The initiative held eight face-to-face forums in Tampa-St. Petersburg, Orlando, Miami, Fort Lauderdale, Tallahassee (2), Pensacola and Melbourne, reaching 595 attendees. In the 41 events MMERI participated in, more than 20,000 people had the opportunity to hear from MMERI about medical marijuana and the impact of the unlawful use of marijuana.

MMERI then launched its MMERI Forum Radio programs, which included interviews with
cannabis industry professionals, prosecutors, law-enforcement officers, defense attorneys, medical doctors, and other experts who provided factual information about cannabis.

The MMERI Facebook page launched in December 2019 and shared video of the MMERI Forum broadcasts.

Statewide network

In April 2020, MMERI produced original video interviews called MMERI Videocasts. In consultation with Cherry’s company, the Videocasts were converted to audio programs suitable for radio. Separate Videocasts were aired on two South Florida digital TV networks in the Haitian Creole language.

The radio network was expanded from three to 20 radio stations. The network list included AMs, FMs, and low-power stations across Hispanic talk and music, gospel, Caribbean, rhythm and blues, and Haitian talk and music radio formats. The 30-minute broadcasts were aired on various times on weekdays and weekends.

Paid newspaper ads were purchased and published among 13 newspapers and their affiliated websites and social media platforms: nine African American, two Hispanic, one Haitian.

By June 2020, MMERI content was heard or seen in the Miami, Fort Lauderdale, West Palm Beach, Fort Pierce, Orlando, Daytona Beach, Cocoa, Jacksonville, Tampa, St. Petersburg, and Tallahassee media areas. MMERI messaging also appeared simultaneously on the various media outlets’ affiliated websites and social media platforms.

‘Mission-driven’

“A constant complaint about Black-owned media is that its impact cannot be measured,” he said. “What people don’t know is that many times, Black media owners have to pay large sums of money to have their impact measured, and it’s just not worth it for a small business to do so.

“For instance, community based low-power FM radio stations are not measured at all. But just because you’re not measured doesn’t mean you don’t have impact or credibility.

“Historically, Black-owned media outlets are mission-driven, not money-obsessed. When it comes to community influence and credibility, they have always punched above their weights.”

623 Management also estimated that MMERI’s ad buy generated approximately nine private-sector full-time equivalents (FTEs) – jobs mostly with Blackowned businesses – over the six-month period the company worked with MMERI.

‘Impossible Missions Force’

Cherry credits a group of talented and knowledgeable individuals with giving MMERI a mass media jump-start.

“623 Management is built on the old ‘Mission: Impossible’ TV show model,” he affirmed.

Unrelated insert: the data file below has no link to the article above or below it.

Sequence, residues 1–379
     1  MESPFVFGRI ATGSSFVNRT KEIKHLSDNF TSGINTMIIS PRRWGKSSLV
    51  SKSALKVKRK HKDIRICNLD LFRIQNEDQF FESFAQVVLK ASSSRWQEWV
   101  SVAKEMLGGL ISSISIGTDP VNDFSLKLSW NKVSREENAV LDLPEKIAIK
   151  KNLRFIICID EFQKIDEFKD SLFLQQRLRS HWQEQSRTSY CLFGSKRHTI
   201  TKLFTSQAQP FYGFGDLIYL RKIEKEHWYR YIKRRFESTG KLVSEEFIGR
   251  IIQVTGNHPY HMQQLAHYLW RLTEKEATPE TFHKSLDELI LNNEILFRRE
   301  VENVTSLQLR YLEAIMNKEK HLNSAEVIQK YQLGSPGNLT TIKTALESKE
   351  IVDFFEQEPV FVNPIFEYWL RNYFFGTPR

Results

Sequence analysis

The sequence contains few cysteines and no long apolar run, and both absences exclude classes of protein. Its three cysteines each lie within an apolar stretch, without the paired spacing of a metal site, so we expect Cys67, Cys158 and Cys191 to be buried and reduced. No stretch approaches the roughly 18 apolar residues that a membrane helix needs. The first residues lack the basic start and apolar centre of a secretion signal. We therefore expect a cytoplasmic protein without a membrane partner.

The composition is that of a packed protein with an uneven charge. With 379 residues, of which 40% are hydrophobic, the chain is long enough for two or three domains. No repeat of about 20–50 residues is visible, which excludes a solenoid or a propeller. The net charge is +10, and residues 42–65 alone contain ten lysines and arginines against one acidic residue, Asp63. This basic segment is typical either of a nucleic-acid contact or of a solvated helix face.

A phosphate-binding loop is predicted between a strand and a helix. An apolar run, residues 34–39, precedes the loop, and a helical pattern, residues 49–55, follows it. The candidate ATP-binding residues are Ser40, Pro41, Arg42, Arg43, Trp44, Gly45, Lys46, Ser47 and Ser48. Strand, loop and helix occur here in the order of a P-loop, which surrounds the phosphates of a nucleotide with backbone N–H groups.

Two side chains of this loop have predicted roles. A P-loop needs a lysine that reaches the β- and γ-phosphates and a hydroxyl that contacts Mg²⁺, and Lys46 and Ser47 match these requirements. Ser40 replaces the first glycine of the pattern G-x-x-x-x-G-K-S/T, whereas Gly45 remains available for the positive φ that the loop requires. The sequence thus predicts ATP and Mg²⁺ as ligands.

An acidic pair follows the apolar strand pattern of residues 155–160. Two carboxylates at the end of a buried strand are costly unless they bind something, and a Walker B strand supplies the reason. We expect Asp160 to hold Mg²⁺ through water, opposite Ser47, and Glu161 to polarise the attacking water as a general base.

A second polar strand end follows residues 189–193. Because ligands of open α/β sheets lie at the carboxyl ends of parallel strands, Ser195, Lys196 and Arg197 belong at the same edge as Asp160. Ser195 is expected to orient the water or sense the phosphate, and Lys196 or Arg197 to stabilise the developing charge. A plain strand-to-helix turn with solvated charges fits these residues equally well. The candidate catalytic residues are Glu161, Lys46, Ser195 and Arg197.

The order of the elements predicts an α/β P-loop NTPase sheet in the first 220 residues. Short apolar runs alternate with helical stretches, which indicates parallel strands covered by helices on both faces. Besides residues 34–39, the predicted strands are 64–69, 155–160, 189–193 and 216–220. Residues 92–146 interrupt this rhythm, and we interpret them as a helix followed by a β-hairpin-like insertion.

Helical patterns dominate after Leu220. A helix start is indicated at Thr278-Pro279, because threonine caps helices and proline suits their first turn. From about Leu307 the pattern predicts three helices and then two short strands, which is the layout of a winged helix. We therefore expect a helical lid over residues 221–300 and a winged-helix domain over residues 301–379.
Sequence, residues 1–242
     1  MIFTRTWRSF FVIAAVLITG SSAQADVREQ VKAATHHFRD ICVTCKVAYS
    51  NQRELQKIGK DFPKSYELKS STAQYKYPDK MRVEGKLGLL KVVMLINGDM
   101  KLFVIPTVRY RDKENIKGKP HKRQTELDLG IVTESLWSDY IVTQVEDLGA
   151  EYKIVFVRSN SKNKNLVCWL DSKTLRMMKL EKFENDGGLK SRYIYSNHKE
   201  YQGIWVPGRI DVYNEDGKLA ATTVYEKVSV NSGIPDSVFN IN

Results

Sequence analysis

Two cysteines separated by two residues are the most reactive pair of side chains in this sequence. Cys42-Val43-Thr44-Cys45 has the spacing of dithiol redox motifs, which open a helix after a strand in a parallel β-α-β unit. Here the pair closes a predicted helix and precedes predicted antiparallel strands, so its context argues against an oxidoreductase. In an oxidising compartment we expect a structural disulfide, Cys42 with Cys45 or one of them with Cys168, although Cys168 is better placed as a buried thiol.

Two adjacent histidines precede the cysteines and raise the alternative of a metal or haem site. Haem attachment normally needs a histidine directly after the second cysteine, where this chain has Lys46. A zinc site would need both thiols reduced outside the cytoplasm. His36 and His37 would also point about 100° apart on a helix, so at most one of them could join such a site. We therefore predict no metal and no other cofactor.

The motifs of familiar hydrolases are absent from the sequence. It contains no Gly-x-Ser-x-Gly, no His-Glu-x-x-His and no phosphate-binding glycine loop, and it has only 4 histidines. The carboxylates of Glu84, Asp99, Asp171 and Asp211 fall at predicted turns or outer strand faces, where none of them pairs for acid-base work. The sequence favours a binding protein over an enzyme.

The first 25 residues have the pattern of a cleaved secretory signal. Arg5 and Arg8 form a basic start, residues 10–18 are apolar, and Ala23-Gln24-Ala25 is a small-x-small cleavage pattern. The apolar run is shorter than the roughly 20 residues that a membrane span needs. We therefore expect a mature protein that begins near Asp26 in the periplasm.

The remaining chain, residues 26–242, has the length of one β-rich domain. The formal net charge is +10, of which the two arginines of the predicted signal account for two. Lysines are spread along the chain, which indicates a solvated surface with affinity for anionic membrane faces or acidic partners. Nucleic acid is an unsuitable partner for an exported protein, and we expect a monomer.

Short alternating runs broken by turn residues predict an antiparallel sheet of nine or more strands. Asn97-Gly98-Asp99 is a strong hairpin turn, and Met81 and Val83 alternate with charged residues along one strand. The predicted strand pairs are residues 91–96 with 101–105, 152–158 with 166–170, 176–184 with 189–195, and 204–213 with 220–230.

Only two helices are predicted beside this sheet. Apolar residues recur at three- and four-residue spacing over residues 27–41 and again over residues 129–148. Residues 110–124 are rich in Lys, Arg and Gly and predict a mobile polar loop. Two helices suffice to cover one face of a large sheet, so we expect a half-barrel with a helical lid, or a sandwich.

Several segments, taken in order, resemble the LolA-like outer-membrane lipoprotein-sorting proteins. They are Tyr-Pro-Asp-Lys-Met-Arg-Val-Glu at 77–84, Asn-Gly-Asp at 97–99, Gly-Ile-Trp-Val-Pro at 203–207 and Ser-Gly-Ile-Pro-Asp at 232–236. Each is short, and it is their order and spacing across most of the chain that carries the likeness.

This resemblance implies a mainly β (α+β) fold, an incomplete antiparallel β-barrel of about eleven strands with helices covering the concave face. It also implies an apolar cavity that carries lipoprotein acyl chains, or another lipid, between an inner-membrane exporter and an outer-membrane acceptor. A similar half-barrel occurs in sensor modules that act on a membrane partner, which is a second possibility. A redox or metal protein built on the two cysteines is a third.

“Once we develop a scope of work with a client, we pick the best team of outside professionals or companies that are best suited to get the work done. So our team will change from job to job, client to client.”

MMERI team

Cherry said the best team for MMERI was Lucius Gantt’s All World Consultants, Guylene Berry’s Global Solutions Agency, Attorney Scheril Murray Powell’s Cannurban LLC, and Lyneisha Watson’s Vivrant World Consulting.

“Lucius is a pioneering Black journalist and media professional with more than 40 years of relationships with Black print media owners nationwide. No one on the planet knows them like he does.

“Guylene, a media personality and community activist, is our critical link to the Haitian community nationally, particularly with Haitian women. Her English-Haitian Creole bilingual skills opened the Haitian community to MMERI in a way that had never been done.

“Lyneisha was our link to millennials and digital platforms with a focus on cannabis-industry online influencers.

“Attorney Powell, our internationally renowned cannabis industry subject-matter expert, brought a ton of contacts and knowledge to the MMERI project. We were able to access worldclass expertise due to her involvement.”

Cherry also complemented MMERI’s FAMU team, current MMERI Public Affairs Liaison Angela Hardiman and former Associate Director of the FAMU Office of Communications Carol Angela Davis.

“Carol and Angela had great energy. They built MMERI’s communications and community involvement infrastructure from scratch. They both represented FAMU well in their almost daily interactions with our company and our representatives.”

Next steps?

Cherry wants 623 Management to help MMERI further develop its emerging media network and feature a more multigenerational approach with a focus on eliminating confusion about medicinal and recreational cannabis.

“Our anecdotal data indicates there are real generational differences regarding attitudes about marijuana,” he explained.

“I’m a 64-year-old Baby Boomer. I have a different understanding about cannabis than does my 92-year-old mother, a member of the ‘Silent Generation.’ She has a different understanding about cannabis than does my 40-year-old ‘Generation X’ frat brother, or
my ‘Millennial’ 27-year-old cousin, or my ‘Generation Z’ 19-year-old daughter.

“MMERI must speak to all of us.”

Election season

And he’s looking to spread the message during this political season about the efficiency and effectiveness of Black-owned media outlets.

“There are credible and powerful networks of media outlets owned and operated by people of color in every state, including the state of Florida. A lot of candidates and the political parties don’t even know that these networks exist, much less how to access them.

“In addition to pumping millions of dollars into TV and digital messaging, candidates and parties must invest in utilizing the real, proven, traditional original influencers in Black and Brown communities in newspapers, on TV and radio, on social media and on websites and apps which can be accessed from various devices.

“It’s all of the above, if they want to win.”

For more information on MMERI, go to www.mmeri.famu.edu or contact Angela Hardiman at angela.hardiman@famu.edu. For more information on 623 Management, Inc., go to www.623management.com or contact Charles W. Cherry II at ccherry@623management.com.